Real Costs Vs. Budgeted Costs
Better Roads Staff
By Daniel C. Brown, Contributing Editor
An Iowa-based contractor has won 80 percent of the available bonus payments on a successful 18-mile, two-lane asphalt paving project near Grinnell, Iowa.
Contractors today can compare real daily job costs to estimated budgets and determine whether or not they actually made or lost money on a given day. It wasn’t always so.
Historically, contractors used their accounting system, which had a job cost module, to do cost reporting. You could compare actual costs to budgeted costs on a monthly basis out of your accounting system. To work with accurate data, the accounting system needs to be current with all the bills, and all the time sheets, and the entire payroll, in order to produce a comprehensive cost report.
“That’s the way it was from the dawn of time,” says Christian Burger, an IT consultant to the construction industry and a frequent speaker at meetings of the Associated General Contractors of America (AGC). “Then what happened was that the systems that were producing the estimates – those from HCSS, Hard Dollar and Bid2Win (now B2W) – said that the contractor doesn’t want to wait a month to get actual costs.
“Contractors said, ‘We’ve got this estimated data here,we can make these comparisons,’” says Burger. So now what has emerged is a field-cost tracking system from HCSS, Hard Dollar and Bid2Win. You put your labor hours and your equipment hours into their system and it uses standard costs and compares that to the budget that the estimating system originally set for that activity – paving or grading, or whatever.
“It gives you a report of how many dollars you either made or lost on an activity that day.”
– Adam Kuyt, risk control and contract manager, Flatiron
“But not all of the costs on the job are coming through that mechanism,” says Burger. “To get a comprehensive cost, you still need your accounting system. But to get immediate productivity and manpower – probably the most variable things on the job – contractors are starting to use HCSS, Bid2Win and Hard Dollar because they have these field-based reporting packages.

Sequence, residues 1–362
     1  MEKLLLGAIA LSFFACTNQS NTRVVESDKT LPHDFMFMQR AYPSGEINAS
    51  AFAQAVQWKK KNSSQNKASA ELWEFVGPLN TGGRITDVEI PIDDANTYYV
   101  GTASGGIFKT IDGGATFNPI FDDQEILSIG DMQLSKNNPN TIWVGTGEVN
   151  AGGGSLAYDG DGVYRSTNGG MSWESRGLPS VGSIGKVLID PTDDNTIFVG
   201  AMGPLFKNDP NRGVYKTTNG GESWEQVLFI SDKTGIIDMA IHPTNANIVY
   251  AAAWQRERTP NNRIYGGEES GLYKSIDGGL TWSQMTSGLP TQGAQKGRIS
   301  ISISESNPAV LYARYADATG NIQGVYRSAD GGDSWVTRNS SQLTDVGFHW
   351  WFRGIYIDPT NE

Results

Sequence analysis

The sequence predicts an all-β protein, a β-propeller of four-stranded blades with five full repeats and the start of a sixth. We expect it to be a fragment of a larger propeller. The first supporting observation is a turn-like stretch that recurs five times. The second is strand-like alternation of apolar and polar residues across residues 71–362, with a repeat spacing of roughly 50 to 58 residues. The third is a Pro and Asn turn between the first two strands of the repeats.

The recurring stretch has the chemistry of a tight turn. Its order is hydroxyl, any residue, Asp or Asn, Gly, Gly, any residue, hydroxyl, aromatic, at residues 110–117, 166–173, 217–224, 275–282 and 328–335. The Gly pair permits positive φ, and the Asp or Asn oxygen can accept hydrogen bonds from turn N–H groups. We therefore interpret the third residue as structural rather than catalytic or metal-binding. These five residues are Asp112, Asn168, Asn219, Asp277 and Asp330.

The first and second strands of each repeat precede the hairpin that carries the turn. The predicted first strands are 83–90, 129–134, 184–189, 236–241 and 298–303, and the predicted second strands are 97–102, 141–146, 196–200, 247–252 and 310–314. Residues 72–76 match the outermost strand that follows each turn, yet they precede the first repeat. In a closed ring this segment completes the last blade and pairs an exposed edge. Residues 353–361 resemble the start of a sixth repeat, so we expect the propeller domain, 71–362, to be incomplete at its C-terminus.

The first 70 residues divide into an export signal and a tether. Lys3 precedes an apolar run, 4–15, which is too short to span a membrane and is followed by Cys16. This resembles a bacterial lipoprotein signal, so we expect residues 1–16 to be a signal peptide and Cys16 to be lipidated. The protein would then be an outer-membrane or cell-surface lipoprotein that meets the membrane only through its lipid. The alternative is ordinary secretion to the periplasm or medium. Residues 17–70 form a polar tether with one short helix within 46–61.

For several months, Flatiron Corp., a large heavy/highway contractor based in Colorado, has been using Heavy Job from HCSS to compare real-time production data with estimates. “There are multiple reports that are available from the system, hard-coded basic reports from the Heavy Job system that tell you what your production is today relative to your estimated or your original budget that you uploaded into the system,” says Adam Kuyt, risk control and contract manager for Flatiron. “It does the comparison calculations, and it tells you whether or not the unit cost of the work that you performed today was in line with the budget, or over budget, or under budget. And it gives you a report of how many dollars you either made or lost on an activity that day.”
Flatiron is also starting to implement Heavy Job on a mobile application – with iPads. “We’ve been testing that in the field,” says Kuyt. “The field foremen can have an iPad to do timecards.” Before, foremen used a laptop computer or a PC that had to be connected to the Internet. With an iPad, a foreman can simply store the timecard information. When he gets to a place with an Internet connection, he can download his timecard onto Flatiron’s enterprise server. “He just sends his timecard up, kind of like an email,” says Kuyt.
“We’re going toward the goal of not having paper timecards any longer,” says Kuyt. “And the guys aren’t required to keep a paper diary that tells what they did that day. The diary can be done on the iPad, and then he hits a button to send his timecard up and can send the diary notes at the same time. And all of that data is now stored on a server where the data is backed up. You’re not going to lose anything. Gone are the days of looking for a field notebook two years after the job is complete.”
Does Heavy Job help Flatiron make money?
“That’s exactly our reason for adapting Heavy Job,” says Kuyt. “We wanted to make sure that our foreman in the field, who is performing the work, knows whether or not he was profitable on the units that he produced that day. I think that feedback loop will encourage foremen to be thinking about improving productivity on every single shift because they know what they did yesterday.” Kuyt says it’s still too early to tell if the company is actually accomplishing that, but that’s the goal.
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